I rifled through the “memories” folder in my file cabinet earlier this week, looking for two simple pieces of paper. In amongst the flotsam and jetsam (ticket stubs, travel brochures, report cards, greeting cards….watch for me soon on one of those hoarder shows), I found them: the two sheets of yellowed paper upon which were written a simple, yet powerful letter. I slipped them into a protective plastic sleeve, snapped the page into a binder filled with music, then drove with a heavy heart to both sing at, and report upon, the funeral of the letter’s author.
Monsignor Donald Endebrock died Oct. 8 at the age of 90. I had met him in 1971 as he served at his second pastorate, my childhood spiritual home; I had been the beneficiary of his knowledge, compassion, and devilish sense of humor since I was only 10 years old. He was the first priest I got to know as a person behind the Roman collar; over the many decades of our friendship I watched him express his love to his flock through his homilies, his deeds, and his care of the sick. He was especially kind and patient with children, even one cynical teenage girl in his congregation we’ll dub, just to pick a name at random, Chris. (Okay, maybe it’s not so random a choice.)
When I was a teenager, I was regarded by adults as “deep”, for I worried about issues which did not often enter the minds of my peers. (Obviously, I peaked early and am now on a rapidly accelerating downhill slide.) At the age of 14, I was preoccupied with death, refused to attend any more funerals, and decided that having an elaborate funeral of my own was out of the question. I wrote to Monsignor, stating my views and asking for the Church’s position on simple ceremonies, but never really expected an answer from the busy pastor. A few days later, I received his handwritten reply, dated Nov. 29, 1975: doctrinally correct yet respectful of my views, Monsignor explained the Church teachings on a level I could understand and I grew to see the value of the liturgy for the survivors.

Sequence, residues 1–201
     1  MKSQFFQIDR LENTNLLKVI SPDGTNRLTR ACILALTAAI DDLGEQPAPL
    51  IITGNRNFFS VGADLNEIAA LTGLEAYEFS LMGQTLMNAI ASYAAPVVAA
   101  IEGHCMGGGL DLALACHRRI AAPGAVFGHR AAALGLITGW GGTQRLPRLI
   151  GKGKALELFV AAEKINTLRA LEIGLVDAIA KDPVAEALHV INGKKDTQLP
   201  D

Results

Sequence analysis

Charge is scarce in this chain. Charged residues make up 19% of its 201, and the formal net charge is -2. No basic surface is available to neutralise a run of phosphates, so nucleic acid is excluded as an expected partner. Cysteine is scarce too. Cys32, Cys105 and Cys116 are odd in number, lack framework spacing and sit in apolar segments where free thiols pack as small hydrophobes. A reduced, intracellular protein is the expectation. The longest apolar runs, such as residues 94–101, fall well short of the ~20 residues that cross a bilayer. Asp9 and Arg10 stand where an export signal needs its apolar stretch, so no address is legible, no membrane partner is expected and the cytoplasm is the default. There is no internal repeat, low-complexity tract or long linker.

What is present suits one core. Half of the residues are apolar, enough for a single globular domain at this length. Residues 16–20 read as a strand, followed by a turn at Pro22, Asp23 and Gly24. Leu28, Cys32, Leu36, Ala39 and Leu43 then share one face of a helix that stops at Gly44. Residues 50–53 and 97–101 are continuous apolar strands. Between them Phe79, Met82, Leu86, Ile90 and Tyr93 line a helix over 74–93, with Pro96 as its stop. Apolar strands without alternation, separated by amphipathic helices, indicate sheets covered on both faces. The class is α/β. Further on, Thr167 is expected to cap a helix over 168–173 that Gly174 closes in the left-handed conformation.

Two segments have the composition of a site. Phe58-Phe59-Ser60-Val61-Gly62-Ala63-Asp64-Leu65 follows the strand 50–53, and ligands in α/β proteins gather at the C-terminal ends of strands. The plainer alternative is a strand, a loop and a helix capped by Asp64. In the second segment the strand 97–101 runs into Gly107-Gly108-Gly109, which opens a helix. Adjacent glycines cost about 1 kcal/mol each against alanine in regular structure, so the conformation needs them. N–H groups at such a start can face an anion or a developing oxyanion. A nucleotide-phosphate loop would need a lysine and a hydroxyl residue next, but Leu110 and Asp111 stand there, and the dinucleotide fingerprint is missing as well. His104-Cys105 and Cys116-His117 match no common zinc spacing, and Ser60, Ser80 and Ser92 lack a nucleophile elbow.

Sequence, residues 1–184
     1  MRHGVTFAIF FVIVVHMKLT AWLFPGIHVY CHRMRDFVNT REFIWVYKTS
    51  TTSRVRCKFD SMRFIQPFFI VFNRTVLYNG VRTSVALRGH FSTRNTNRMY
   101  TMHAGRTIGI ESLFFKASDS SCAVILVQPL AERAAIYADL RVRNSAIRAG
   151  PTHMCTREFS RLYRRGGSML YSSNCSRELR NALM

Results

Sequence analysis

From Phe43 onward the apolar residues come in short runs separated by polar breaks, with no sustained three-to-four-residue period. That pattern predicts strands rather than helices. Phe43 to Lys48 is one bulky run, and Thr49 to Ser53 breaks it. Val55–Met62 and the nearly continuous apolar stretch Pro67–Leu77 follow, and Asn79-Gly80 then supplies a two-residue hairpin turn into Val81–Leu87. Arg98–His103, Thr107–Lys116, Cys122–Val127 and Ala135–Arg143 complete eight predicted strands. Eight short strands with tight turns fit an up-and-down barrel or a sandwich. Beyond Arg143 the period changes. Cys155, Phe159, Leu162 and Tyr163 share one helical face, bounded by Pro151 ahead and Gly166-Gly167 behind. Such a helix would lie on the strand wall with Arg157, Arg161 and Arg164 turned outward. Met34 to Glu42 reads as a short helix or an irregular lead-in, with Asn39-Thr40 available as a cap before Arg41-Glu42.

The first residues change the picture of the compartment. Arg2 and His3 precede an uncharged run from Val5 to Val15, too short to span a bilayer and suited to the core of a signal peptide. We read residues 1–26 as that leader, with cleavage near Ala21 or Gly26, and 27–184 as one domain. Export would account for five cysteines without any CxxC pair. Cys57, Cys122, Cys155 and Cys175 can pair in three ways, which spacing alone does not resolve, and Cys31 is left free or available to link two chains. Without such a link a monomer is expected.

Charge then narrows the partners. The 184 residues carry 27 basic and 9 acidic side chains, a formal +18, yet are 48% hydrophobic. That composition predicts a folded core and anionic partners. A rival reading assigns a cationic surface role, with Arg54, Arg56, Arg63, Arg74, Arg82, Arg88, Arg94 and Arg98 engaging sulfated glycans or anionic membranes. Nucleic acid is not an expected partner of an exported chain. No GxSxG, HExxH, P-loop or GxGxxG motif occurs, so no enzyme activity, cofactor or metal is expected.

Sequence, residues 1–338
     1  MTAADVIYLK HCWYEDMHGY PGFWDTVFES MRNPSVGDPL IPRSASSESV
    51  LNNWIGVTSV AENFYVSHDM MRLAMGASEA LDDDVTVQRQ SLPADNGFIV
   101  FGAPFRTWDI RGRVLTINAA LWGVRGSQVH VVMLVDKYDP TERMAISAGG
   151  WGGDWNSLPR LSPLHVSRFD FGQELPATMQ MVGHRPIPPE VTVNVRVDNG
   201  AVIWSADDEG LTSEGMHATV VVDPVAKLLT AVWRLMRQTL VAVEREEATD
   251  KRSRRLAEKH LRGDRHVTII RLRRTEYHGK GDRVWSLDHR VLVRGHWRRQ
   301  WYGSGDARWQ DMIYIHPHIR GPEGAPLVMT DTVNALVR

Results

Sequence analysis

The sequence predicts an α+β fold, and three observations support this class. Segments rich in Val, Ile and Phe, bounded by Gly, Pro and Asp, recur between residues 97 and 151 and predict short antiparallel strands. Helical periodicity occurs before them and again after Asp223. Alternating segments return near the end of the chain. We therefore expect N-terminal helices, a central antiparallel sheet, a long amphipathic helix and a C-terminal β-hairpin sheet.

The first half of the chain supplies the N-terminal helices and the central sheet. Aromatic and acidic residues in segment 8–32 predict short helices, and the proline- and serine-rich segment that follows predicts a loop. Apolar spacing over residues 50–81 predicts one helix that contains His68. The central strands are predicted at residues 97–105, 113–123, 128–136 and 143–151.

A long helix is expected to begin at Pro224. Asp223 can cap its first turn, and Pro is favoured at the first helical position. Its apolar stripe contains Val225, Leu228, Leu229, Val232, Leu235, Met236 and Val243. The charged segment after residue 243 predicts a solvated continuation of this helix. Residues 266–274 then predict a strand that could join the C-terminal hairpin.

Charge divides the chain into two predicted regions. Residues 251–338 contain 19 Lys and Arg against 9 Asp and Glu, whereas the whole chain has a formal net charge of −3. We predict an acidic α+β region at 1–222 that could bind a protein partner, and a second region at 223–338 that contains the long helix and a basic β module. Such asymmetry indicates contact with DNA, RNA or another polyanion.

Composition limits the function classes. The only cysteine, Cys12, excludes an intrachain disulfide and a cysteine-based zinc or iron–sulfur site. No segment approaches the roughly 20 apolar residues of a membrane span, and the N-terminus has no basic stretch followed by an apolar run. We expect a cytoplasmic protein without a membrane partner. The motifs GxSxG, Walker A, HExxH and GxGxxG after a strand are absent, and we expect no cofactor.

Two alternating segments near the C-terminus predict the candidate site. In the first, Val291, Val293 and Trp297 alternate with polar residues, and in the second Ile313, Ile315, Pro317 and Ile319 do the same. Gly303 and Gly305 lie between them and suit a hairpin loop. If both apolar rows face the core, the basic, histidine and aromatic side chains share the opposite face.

Even at that early, cynical age, I recognized what a special gift the letter from him was and carefully filed it away. Over the ensuing years, I grew to recognize the power of the written word and became a professional writer; reviewing its words, I began to sing at funeral liturgies, always keeping the families who mourned in my prayers. Above all, I recalled its deeper message: a child’s faith should be protected, valued and nurtured, and I strove to remember that in raising my son.
One simple letter from an earthly shepherd had changed my life profoundly, and I thought it appropriate to bring it to the funeral Mass of its author. As I looked at my friend and mentor’s simple wooden casket resting center aisle amidst a church packed with mourners, I reread the letter. I sang with the choir at the funeral through my falling tears and thanked God for the gift that was Monsignor Donald Endebrock.
After Mass, my binder tucked under my arm, I turned to look at Monsignor’s casket once more and saw the youngest priest in our diocese standing beside it. Father Edmund rested his hand on the polished wood of the casket as he said a prayerful goodbye. When he turned to leave, I stopped him and asked, “Did you know Monsignor Endebrock?” He admitted he had not, but had learned of Monsignor’s dedication and humility from the stories of others. I looked at him: a man of God, young enough to be my biological son, and felt a spiritual hand on my shoulder guiding my next words.
I opened the binder to show Father Edmund the yellowed letter, written a dozen years before he had been born, but which contained a timeless message I knew had to be shared with this next generation.
“I have another story for you, Father,” I told him. “Let me teach you about the power of a letter….”